Health officials: oral sex spreading ‘super gonorrhea’

A dangerous super gonorrhea that’s spread by oral sex has health officials alarmed.

Both CNN and BBC have stories about the World Health Organization’s warning of the bacteria that is rapidly developing resistance to antibiotics.

“The bacteria that cause gonorrhea are particularly smart. Every time we use a new class of antibiotics to treat the infection, the bacteria evolve to resist them,” said Teodora Wi, a human reproduction specialist at the WHO, in a news release.

Oral sex is producing dangerous gonorrhea and a decline in condom use is helping it to spread, WHO said. About 78 million people pick up the STD each year and it can cause infertility.

“These cases may just be the tip of the iceberg,”  Wi said.

Caused by the bacterium called Neisseria gonorrhea, the STD is known to infect the genitals and rectum, but it can also infect the throat — which is used to a barrage of antibiotics for common colds and flu.

“When you use antibiotics to treat infections like a normal sore throat, this mixes with the Neisseria species in your throat and this results in resistance,” Wi said.

Thrusting gonorrhea bacteria into this environment through oral sex can lead to super-gonorrhoea.

What makes matters worse is that about one in 10 heterosexual men and more than three-quarters of women, and gay men, have no easily recognizable symptoms.

Dr Manica Balasegaram, from the Global Antibiotic Research and Development Partnership, said the situation is fairly grim.

“There are only three drug candidates in the entire drug [development] pipeline and no guarantee any will make it out.”

New report says 1 in 5 Americans have cancer-causing HPV

The human papillomavirus  – or HPV – is the most common sexually transmitted infection in the United States.  There are 150 distinct types, two of them are responsible – according to the Centers for Disease Control & Prevention – for 70 percent of cervical cancer

The CDC announced last week that nearly half of U.S. adults have caught HPV. That is nearly 80 million Americans and about 20 percent of them — or 1 in 5 — have the kind the causes cancer. Other types of HPV cause genital warts.

 

 

About 45 percent of Americans ages 18 to 59 had some form of genital human papillomavirus. The report released last Thursday is the most complete look at how common HPV is among adults.

More concerning, about 25 percent of men and 20 percent of women had certain strains that carry a higher risk of cancer.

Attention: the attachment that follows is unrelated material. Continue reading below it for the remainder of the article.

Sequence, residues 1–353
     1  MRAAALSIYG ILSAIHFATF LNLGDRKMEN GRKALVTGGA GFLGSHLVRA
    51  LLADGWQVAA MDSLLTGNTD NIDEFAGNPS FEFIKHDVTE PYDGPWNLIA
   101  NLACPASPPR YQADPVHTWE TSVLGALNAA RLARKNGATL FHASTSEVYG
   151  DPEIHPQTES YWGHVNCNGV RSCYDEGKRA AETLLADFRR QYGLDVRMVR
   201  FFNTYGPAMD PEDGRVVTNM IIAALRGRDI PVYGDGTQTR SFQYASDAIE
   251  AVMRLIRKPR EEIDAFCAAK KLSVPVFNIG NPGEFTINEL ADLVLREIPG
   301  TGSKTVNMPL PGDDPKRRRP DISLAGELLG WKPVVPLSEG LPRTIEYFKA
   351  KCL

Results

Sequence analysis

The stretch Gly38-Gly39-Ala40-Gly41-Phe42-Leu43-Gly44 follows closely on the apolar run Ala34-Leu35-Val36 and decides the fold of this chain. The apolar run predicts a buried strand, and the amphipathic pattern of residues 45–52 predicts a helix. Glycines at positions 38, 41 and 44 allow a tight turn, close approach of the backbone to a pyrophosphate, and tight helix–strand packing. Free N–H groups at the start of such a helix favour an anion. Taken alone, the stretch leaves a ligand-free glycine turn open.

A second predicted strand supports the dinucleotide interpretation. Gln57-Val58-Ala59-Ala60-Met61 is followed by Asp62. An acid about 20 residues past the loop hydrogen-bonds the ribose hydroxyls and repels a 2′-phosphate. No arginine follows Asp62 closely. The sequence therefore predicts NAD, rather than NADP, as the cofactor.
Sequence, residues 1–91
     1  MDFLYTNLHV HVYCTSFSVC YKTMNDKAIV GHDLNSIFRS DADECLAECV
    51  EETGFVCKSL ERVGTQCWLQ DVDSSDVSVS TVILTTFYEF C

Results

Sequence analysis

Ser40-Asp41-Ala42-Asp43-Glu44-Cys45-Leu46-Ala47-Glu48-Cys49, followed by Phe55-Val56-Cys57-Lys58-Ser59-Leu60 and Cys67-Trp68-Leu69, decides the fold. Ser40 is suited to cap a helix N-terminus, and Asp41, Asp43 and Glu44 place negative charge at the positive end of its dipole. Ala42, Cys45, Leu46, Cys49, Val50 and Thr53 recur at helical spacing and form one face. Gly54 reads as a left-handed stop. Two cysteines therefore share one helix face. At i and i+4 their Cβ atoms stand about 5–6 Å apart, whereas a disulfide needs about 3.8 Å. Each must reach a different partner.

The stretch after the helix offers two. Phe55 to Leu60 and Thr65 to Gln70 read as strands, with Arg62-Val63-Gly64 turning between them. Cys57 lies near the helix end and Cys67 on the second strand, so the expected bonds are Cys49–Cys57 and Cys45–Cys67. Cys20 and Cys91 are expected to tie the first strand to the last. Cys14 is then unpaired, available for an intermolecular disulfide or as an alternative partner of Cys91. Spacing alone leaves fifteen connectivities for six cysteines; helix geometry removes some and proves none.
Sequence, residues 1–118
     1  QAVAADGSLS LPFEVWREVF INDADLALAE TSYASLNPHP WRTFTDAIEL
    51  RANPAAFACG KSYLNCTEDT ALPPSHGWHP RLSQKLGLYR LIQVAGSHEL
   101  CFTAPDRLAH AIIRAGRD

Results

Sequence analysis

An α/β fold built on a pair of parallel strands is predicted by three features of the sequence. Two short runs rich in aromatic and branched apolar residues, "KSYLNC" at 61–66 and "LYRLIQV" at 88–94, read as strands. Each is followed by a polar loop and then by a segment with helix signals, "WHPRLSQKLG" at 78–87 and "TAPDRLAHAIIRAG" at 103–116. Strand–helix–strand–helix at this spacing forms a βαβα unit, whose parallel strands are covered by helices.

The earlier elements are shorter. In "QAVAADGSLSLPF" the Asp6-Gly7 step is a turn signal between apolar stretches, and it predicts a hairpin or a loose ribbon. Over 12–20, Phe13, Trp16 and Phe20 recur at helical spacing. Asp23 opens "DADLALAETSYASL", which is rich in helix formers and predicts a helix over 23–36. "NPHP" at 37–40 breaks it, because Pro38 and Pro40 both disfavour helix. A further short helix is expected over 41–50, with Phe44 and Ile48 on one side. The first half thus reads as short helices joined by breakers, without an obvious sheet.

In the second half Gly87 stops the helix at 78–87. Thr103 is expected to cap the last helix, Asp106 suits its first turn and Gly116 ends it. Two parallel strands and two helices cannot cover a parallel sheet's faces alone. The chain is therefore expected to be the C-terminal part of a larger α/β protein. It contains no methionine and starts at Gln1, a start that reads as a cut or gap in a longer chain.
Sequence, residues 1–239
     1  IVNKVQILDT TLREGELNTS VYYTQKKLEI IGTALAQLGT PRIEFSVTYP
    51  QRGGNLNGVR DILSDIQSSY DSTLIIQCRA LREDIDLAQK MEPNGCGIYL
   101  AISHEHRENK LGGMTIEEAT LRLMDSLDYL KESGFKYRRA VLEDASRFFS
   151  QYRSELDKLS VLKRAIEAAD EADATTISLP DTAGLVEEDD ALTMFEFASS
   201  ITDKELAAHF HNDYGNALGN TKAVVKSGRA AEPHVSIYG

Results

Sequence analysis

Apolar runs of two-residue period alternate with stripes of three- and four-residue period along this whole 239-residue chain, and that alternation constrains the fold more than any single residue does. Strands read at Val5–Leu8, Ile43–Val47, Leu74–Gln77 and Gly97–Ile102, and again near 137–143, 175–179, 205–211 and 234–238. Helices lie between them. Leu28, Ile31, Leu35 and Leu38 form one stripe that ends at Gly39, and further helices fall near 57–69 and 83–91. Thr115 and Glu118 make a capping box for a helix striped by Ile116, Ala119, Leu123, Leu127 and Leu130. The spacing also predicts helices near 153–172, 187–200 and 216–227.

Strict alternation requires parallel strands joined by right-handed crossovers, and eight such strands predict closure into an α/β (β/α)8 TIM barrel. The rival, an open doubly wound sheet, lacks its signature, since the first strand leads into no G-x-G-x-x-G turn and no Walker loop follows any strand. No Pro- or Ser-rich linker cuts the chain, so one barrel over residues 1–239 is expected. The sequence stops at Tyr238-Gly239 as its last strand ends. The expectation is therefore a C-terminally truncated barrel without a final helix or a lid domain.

Vaccinations against HPV first became available in 2006, aimed at protecting kids before they become sexually active.

Geraldine McQuillan, a senior infectious disease epidemiologist with the CDC and the lead author of the report, said researchers were surprised to see the number of adults who had high-risk genital HPV.

Previous data estimated that 15 percent of adult females had high-risk HPV.

“The next step is to increase awareness of the high prevalence of high-risk genital and oral HPV in our general US population so individuals will realize that this is a serious problem and they will get their children vaccinated in early adolescence before they become sexually active,” McQuillan told CNN.

Syphilis sufferers now must face penicillin shortage

Drug giant Pfizer says it is experiencing “an unanticipated manufacturing delay” in producing the penicillin type used to treat the sexually transmitted disease Syphilis. Pfizer is the producer of the medication and the shortage comes just as the STD is making a comeback.

Pfizer wrote to consumers that it would be providing just one-third of the usual monthly demand until July, according to a story by National Public Radio.

Syphilis
The bacteria Syphilis, in a photo courtesy of the National Institutes of Health, is on the come back — and to make matters worse penicillin is currently in short supply by its manufacturer, Pfizer.

“Bicillin L-A” is the recommended treatment for people with syphilis and the only one available for pregnant women who are infected with or exposed to the STD. Syphilis is caused by a bacterium and like other bacteria, such as the one that causes strep throat, this type of penicillin is the cure.

The Centers for Disease Control and Prevention has asked that health care providers save the drug for people with syphilis, especially pregnant women. “And the real tragedy is that it is a treatable infection,” says Dr. Sarah Kidd, a medical epidemiologist with the CDC’s Division of STD Prevention.

 

Erin Fox, director of the Drug Information Service at University of Utah Health Care, says it’s hard to plan for drug shortages.

“Almost every hospital has a set plan for how they deal with drug shortages. The surprise that happens on a daily basis is ‘What product is going to be short?'” she says.

Pfizer says the crisis should be short-lived and the supply should be back to normal in July.

To read NPR’s full report click here.